Wire EDM can successfully cut high taper angles that conventional machining processes cannot, but mold makers using wire EDM technology still face challenges when cutting high taper angles of 10 deg to 45 deg. Often EDM machines have the axis movement necessary to achieve the desired angle, but the physical properties of the wire and related machine technology may not be adequate. Examining the wire’s properties is useful in determining the right wire for achieving the best cut.
Hard wire is stronger, straighter and more resistant to breakage during cutting. High tensile strength, harder wire can better fight deflection during cutting, but very hard wire with little elongation can cause vibrations during taper cutting as the wire travels between the upper and lower wire guides. In addition, hard wire’s “memory” resists the true programmed wire path during high-taper cutting, which bends the wire and can lead to reduced accuracy, poor surface finish or wire breakage, which leaves intolerable marks on the workpiece and wastes material and production time.
A better solution for cutting high tapers is soft wire. Low tensile strength soft wire easily bends to follow the correct path determined by the CNC controller to provide more accurate cuts. However, soft wire has less memory than hard wire and is prone to breakage in aggressive cutting conditions. It is also sensitive to the voltages and tension applied to it by the EDM machine during the automatic wire feed (AWF) cutting cycle. If not handled properly, the result is a malformed wire tip which is curved, preventing the wire from being able to be inserted into the wire guides. In these instances, the machine is unable to thread or re-thread the wire so the erosion process is stopped and production time is lost. The operator is required to manually intervene before cutting can begin again.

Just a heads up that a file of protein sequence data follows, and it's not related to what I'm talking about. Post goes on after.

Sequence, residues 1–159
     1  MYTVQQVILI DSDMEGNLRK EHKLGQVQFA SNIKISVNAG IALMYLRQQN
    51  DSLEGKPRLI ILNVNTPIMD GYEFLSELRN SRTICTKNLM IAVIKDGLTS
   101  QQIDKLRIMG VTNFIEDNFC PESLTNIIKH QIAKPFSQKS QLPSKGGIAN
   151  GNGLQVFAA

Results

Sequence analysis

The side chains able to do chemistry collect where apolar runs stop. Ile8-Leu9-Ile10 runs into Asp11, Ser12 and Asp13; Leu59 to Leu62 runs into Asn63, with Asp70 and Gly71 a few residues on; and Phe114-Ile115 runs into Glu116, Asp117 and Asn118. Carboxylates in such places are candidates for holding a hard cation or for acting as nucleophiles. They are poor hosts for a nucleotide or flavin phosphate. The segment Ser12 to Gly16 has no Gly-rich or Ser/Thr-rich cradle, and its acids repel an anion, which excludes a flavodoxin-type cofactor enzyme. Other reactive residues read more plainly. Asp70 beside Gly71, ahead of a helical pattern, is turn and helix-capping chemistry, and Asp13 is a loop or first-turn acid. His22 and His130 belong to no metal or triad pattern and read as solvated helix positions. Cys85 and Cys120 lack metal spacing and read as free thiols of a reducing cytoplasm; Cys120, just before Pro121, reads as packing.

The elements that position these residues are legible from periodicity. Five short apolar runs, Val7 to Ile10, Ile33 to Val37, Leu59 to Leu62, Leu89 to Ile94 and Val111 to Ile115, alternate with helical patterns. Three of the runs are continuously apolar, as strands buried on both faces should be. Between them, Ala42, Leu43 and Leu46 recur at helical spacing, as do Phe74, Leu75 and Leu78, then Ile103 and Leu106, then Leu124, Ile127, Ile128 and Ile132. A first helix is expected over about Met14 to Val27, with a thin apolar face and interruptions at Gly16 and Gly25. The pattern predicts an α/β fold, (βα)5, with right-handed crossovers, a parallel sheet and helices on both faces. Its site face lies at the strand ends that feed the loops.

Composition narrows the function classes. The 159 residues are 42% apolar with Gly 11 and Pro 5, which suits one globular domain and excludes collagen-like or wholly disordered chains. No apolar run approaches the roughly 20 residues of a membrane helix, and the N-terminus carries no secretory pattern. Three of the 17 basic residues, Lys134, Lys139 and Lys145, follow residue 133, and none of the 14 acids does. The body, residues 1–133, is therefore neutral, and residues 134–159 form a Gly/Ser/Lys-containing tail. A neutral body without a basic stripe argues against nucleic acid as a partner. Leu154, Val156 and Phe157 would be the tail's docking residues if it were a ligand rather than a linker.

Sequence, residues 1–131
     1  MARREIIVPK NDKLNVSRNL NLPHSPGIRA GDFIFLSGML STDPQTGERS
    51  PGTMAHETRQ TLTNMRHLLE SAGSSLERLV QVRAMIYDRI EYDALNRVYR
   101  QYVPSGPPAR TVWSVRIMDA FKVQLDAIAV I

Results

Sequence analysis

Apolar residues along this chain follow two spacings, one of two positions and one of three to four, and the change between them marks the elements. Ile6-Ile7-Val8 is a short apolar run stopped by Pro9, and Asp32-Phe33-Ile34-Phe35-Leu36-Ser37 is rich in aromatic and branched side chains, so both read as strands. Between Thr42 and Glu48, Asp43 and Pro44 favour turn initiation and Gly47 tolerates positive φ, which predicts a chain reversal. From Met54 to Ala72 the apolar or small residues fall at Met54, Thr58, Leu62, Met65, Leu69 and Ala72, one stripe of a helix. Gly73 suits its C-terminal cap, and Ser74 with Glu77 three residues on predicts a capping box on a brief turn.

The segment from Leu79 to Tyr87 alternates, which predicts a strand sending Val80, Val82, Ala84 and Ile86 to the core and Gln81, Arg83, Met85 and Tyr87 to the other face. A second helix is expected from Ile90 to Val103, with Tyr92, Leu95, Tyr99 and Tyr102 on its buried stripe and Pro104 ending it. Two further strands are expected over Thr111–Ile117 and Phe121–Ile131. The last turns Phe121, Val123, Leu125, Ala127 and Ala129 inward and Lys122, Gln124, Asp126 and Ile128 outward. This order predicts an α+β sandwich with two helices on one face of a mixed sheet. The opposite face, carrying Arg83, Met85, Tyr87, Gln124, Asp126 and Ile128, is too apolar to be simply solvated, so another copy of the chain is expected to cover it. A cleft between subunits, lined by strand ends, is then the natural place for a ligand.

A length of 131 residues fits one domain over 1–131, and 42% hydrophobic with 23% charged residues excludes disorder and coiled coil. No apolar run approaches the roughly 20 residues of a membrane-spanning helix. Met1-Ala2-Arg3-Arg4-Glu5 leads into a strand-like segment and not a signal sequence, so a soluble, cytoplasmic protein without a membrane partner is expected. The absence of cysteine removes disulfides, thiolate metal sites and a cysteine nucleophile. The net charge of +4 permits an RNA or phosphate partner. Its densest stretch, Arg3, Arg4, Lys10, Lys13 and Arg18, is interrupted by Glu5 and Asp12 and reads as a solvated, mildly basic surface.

OVERCOMING SOFT WIRE THREADING OBSTACLES
To overcome the challenges of soft wire threading, consider EDM equipment that provides improved wire processing during the AWF cutting cycle. Technology should include a way to precisely control the wire tension and energy used to cut the wire. The ideal AWF situation is one where the wire heats and stretches until it breaks in two without melting. Using the ideal voltage needed to cut the wire and form a bullet point can enhance soft wire threading performance, improving the straightness of the wire, and decreasing electrode wear.
It is not just the “hardness” or “softness” of the wire that needs to be considered. Factors such as the wire diameter, cutting and anneal tension and voltage need to be fine-tuned based on the wire selection in order to preserve the shape of the wire tip, minimize damage to the face and maximize straightness.
The small discharges used in wire EDM can result in damage to the electrode, damage to the wire tip, wire chip buildup and reduced AWF reliability. Some EDM machines now offer an “air blow” system, a unit that directs cool air to the wire cut point, which keeps the wire tip as cool as possible and prevents a molten tip to be produced during a thermal wire cutting process. To optimize the threading cutting cycle, a relay on a timer is used to open an air solenoid to gently blow cool air onto the wire cutting electrode, keeping the wire tip from heating up to a melting stage. This prohibits wire chip build up, extends the life of the electrode and provides reliable threading and cutting performance.